Captain Jack and The Garbage Can Club is a band that was formed in 2016 by cousins Kavon Samadi and Jake Robinett in their home-town of Clarkston, WA. This self-titled EP Captain Jack and The Garbage Can Club is their first release and features only a small tasting of the many songs they have written. Prior to this project Samadi was in the duo Vegetarian Cats which played many shows in Eugene, OR. Robinett previously had a solo project, Moon Animal, which has put on shows in Clarkston.
Their five-track EP opens with “I Eat Your Trash.” Despite the trash theme, I’d say the song is far from it. A soothing and mellow bass rhythm drives the track along with reverberating, warbling electric guitar and scratchy, passionate vocals. The unique vocal style adds a bit of flavor to the track. I prefer the approach to standard sweet vocals. It adds some character and an engaging sound to the music. I think the most intriguing thing about the band is the mellow instruments clashing against the guttural, raw, rock-esque vocals. It’s a new sound, and there’s potential for huge variation.
“Jungle Moves” proves the possibility for variation in Captain Jack and The Garbage Can Club’s sound. It might be a weird comparison today, but this track reminds me of very early Kings of Leon. Before their fame, they channelled a rock n’ roll sound with screeching, electrifying vocals; this is the approach Captain Jack and The Garbage Can Club take. There’s almost a sense of free-styling going on here, and I absolutely love it. It also reminds me of Jack White and At The Drive-In. There’s a rawness to the musical performance but also the songwriting. The guitars are distorted, but they chug along sloppy with room to breathe and morph themselves into new shapes (as long as they follow the precise beat, which they do).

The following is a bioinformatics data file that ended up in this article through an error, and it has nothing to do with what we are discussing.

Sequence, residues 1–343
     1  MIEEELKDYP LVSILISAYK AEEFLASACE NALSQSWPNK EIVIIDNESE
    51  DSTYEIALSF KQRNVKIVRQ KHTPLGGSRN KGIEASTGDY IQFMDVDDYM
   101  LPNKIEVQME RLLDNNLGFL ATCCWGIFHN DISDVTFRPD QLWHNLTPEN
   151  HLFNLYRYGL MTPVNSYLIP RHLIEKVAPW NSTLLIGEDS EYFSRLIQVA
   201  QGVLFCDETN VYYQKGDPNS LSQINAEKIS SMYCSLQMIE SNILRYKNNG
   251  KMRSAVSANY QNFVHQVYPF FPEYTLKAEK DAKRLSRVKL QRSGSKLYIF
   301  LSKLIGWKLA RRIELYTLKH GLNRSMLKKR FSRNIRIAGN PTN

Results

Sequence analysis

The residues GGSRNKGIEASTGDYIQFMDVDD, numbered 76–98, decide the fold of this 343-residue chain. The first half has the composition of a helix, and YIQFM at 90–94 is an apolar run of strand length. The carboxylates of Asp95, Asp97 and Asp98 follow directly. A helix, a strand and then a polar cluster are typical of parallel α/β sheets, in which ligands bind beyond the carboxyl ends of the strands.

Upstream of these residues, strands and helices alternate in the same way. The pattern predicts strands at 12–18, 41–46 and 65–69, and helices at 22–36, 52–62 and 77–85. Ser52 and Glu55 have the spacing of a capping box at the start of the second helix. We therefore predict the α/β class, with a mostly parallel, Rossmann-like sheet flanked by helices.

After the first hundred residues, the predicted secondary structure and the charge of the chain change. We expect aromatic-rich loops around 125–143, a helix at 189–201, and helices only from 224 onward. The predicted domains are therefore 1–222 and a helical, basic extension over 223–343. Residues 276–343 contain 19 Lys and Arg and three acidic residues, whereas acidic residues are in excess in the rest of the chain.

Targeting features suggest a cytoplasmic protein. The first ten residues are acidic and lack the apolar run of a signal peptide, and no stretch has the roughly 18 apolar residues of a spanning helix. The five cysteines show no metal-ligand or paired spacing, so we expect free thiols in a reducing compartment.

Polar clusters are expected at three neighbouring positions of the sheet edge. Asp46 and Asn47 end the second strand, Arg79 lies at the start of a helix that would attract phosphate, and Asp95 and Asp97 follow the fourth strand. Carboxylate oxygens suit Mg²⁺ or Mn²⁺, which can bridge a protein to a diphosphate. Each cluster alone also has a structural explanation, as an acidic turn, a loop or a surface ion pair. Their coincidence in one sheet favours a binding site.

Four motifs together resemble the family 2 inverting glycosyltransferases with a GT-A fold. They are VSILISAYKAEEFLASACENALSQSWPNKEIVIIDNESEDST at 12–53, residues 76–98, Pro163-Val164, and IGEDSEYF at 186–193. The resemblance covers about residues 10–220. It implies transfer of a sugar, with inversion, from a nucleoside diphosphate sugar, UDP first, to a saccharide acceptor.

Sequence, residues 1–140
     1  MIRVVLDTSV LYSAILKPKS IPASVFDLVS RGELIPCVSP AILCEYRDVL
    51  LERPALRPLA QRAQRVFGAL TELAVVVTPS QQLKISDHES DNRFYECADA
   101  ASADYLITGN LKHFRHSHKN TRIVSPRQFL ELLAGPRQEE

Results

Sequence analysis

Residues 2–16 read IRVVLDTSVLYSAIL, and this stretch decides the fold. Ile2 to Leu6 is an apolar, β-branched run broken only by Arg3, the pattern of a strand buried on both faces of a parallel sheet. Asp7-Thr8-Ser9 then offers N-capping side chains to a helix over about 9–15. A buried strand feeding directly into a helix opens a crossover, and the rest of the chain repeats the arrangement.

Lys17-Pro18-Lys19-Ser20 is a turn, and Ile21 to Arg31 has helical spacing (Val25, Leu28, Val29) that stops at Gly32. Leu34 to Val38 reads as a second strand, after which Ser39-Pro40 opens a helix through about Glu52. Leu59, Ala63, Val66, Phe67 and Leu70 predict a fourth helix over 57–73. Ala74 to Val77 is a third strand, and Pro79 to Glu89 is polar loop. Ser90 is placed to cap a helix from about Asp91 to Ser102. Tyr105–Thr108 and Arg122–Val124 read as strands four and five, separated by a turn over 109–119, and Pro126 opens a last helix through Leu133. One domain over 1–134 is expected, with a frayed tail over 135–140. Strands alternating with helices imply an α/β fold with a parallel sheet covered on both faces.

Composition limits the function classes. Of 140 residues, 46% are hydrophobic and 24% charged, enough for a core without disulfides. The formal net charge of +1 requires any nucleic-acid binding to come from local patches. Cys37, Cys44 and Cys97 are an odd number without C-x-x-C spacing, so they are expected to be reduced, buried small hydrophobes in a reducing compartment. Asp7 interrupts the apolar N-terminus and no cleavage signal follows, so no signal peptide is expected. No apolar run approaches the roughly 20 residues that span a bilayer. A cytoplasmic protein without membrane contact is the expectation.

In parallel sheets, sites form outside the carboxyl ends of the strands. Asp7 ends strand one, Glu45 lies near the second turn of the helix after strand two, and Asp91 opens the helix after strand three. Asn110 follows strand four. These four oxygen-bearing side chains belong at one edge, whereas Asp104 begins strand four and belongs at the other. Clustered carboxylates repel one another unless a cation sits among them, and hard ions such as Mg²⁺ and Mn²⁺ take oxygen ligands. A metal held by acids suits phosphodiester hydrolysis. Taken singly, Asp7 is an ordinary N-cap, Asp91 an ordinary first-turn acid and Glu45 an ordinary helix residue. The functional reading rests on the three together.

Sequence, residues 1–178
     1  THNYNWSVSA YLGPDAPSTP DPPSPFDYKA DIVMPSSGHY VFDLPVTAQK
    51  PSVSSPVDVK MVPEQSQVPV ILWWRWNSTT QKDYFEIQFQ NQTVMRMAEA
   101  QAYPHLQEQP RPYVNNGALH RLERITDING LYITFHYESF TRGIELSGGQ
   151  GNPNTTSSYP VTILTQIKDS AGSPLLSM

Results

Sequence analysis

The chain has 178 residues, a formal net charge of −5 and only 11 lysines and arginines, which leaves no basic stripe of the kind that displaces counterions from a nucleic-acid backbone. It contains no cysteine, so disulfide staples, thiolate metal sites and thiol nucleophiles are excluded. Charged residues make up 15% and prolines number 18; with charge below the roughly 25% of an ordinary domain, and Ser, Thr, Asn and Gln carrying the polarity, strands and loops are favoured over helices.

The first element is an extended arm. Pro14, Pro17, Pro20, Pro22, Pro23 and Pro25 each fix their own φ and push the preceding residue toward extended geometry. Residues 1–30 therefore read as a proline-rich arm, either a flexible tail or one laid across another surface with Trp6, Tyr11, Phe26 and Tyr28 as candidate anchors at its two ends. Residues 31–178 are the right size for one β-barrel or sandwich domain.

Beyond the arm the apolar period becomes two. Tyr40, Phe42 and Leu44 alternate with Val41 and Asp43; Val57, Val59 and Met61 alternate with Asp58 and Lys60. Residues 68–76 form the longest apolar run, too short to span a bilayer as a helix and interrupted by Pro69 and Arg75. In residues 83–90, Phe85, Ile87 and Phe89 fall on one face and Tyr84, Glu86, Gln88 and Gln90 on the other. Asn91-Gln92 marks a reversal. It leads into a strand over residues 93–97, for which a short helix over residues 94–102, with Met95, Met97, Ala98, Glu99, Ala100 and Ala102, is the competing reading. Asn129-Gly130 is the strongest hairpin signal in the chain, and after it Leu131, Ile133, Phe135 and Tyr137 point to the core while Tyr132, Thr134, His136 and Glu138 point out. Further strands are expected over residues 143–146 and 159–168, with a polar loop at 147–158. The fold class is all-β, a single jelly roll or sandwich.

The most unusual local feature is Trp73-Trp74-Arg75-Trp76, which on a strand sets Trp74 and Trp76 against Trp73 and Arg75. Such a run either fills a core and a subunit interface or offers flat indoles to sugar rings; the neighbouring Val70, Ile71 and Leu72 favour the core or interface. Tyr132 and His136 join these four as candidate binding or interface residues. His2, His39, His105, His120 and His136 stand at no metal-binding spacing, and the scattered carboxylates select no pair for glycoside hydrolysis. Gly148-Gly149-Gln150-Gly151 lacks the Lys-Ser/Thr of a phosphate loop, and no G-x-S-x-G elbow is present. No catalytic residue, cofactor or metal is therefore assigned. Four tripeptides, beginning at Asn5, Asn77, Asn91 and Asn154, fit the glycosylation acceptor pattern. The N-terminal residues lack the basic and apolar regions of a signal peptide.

“Galaxy’” is a trippy intergalactic experience, as promised by the title. Warbling, atmospheric synths reverberate and transcend the human world. The vocals take on a new approach which was entirely unexpected. They fluctuate between the classic raw, scratchy, rock n’ roll sound and soothing falsetto. The attempt at new sounds is what I find so exciting about this band; I never know what’s coming next.
“Times Are Changing” is driven by a hip-hop-esque beat and jazzy guitars. It’s mellow, trippy, and completely soothing. A bass rhythm bursts into the mellow madness to induce a lip-biting reaction from the listener. It’s an otherworldly experience, and there’s no other way to put it. New sounds burst through at unexpected moments, and it’s entirely unclear whether they’ve been generated organically or by some synthetic instrument. Either way, it sounds fantastic.
As you can tell, I loved what this collective had to offer here. They’re such a diverse band, and I have a feeling that they’ve a lot left to offer. Time will tell, but I urge you to give them a listen for yourself to see what I mean.
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